[For this year’s MLK Day series, I’ll be AmericanStudying African American lives in texts. I’d love to hear your responses, as well as other lives and texts you’d highlight, for a crowd-sourced weekend post!]
On a voice captured in a famous speech, and a life lived well beyond it.
When you think about how many of the inspiring Americans I’ve highlighted in this space are not collectively remembered at all—and how many others, like Frederick Douglass, are generally remembered but without, I would argue, the kinds of specific connections to texts and works that would make those memories truly meaningful—Sojourner Truth (1797-1883) has it pretty good. Not only is this freed slave and lifelong activist for African American and women’s rights remembered in our national narratives, but her most famous speech, “Ain’t I a Woman?,” a stirring rebuke to both racist and sexist arguments delivered at an 1851 women’s rights convention in Akron, is one of the few 19th-century American texts that has endured in any specific way into our collective 21st-century consciousness (I’ve seen excerpts from the speech in posters in high school classrooms, to cite one piece of evidence for that enduring presence).
“Ain’t” is indeed a great American speech, managing in just a few short paragraphs to develop arguments using all three principal rhetorical strategies: pathos, appeals to her audience’s emotions; logos, appeals to their reason; and ethos, appeals based on Truth’s own character as the speaker. It also nicely illustrates Truth’s unique perspective and voice, her fiery eloquence which had by this moment (only a year after the publication of her personal narrative had first brought her to the attention of abolitionists and activists throughout the North) already made her a sought-after speaker and presence at any event. Yet the speech’s representation of that voice, and more exactly the written version’s use (from its title on) of dialect to portray Truth’s manner of speaking, makes it somewhat less clear whether this one text should indeed exemplify the woman behind it. The most significant Truth biographer and scholar, Nell Irvin Painter, has indeed argued that the dialect version was produced after the fact and by white activists who, while friendly to Truth and seeking to help amplify her voice, might have overly emphasized her use of the vernacular to highlight her natural eloquence and the limitations that her early life in slavery had enforced on her education and identity. After all, Truth’s most famous contemporary African American activist, Frederick Douglass, had been accused at times of falsifying his history because of his highly literate voice and style; Truth’s dialect voice in the speech thus bears at least a multi-part relationship to issues of slavery, authenticity, and identity.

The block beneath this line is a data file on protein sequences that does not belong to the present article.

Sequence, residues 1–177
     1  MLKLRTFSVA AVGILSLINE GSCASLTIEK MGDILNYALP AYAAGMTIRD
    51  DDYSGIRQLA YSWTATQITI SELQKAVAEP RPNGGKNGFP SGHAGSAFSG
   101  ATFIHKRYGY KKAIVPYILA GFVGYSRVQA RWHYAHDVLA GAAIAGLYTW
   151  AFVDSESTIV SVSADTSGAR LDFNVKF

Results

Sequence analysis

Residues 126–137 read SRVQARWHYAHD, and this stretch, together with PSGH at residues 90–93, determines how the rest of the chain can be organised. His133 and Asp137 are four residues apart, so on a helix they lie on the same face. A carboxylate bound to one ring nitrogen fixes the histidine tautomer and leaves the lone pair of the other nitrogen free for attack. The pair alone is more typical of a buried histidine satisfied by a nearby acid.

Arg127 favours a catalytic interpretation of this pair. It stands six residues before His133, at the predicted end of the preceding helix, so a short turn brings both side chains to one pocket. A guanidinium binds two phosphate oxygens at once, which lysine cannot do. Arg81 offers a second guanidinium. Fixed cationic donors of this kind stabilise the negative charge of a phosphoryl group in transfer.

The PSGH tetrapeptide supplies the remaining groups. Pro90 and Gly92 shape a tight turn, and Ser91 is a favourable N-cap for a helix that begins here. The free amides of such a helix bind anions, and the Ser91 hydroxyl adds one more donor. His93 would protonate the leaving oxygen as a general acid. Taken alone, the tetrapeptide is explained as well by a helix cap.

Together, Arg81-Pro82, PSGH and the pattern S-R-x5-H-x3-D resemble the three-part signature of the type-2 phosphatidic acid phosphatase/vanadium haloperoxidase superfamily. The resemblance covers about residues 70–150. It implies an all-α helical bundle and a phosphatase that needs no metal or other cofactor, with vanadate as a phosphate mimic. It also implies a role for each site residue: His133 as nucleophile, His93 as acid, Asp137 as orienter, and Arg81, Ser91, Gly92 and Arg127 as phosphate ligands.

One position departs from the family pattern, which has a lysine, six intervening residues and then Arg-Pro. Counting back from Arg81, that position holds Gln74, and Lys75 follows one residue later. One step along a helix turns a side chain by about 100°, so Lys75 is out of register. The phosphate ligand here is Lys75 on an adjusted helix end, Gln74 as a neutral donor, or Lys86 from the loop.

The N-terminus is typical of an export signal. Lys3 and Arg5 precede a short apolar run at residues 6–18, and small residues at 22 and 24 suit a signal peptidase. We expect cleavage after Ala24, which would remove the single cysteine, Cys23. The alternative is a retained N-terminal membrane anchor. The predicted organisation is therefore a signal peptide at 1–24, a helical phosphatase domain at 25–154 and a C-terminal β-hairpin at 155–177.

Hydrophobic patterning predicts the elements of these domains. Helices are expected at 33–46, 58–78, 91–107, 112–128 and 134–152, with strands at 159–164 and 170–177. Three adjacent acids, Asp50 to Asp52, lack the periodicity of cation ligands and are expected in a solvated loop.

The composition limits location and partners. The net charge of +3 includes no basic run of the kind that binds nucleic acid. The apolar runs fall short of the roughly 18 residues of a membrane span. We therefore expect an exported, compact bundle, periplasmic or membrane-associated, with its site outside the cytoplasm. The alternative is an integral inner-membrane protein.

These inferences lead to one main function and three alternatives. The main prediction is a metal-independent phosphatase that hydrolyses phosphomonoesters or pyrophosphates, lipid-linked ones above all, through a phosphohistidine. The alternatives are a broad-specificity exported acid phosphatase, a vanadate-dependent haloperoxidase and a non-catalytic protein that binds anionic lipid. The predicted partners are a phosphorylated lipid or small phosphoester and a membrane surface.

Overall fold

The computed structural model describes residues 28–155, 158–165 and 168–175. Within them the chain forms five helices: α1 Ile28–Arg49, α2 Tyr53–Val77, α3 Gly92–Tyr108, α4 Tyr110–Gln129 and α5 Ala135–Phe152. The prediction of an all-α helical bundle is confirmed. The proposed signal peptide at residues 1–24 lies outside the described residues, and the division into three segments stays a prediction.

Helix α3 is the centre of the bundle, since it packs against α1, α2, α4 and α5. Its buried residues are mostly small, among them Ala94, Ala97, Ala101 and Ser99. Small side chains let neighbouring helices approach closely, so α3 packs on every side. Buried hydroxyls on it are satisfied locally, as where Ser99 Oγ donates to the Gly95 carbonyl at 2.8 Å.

The layers and complications of Truth’s life and identity go well beyond those questions of dialect, however, and her name itself both partially obscures and yet reflects that complicated personal history. The name was one of her own choosing, bestowed upon herself in 1843 as she began a period of work as an itinerant preacher in New York and New England. She had been born Isabella Baumfree, and for the first four decades of her life had worked, both as a slave and then as a freed servant, in upstate New York; as she traces in her personal narrative, and as biographers and historians such as Painter have likewise documented, she moved between numerous families and households in those years, while having four children of her own as part of a forced marriage to a fellow slave. By far the most ambiguous and complex period of those decades was also perhaps one of the most formative of her spiritual perspective: between 1829 and 1834 she served as both housekeeper and preacher to a reformer named Elijah Pierson, a man who called his house “the Kingdom”; sometime in that period another reformer named Robert Matthias took over the house and turned it into a brief but full-blown cult, including polygamous marriages and other fanatical practices (as detailed in Paul Johnson and Sean Wilentz’s compelling narrative history, The Kingdom of Matthias ). The exact influences of these years and figures on Truth’s identity will never be known, not least because she wrote relatively little about them in her narrative; but no account of her life and perspective can entirely elide her apocalyptic religious visions, one unquestionably stoked by this time in the Kingdom.
I don’t mean, by highlighting that one period of Truth’s life, to imply that her later activism or writings must be analyzed through this lens; these were but five years of a more than 8-decade long life, one that included not only the abolitionist and women’s rights activism but also contributions to the formation of African American regiments during the Civil War and numerous post-bellum efforts on behalf of freed slaves, temperance, and opposition to capital punishment, among other continuing work. My main point, as ever, is that the more we know about this inspiring American’s identity and experiences and writings and work, the more we can understand the whole truth about who she was, who we were through the 19th century, and thus where we come from. Last life writing tomorrow,
PS. What do you think? Other African American lives and/or texts you’d highlight?
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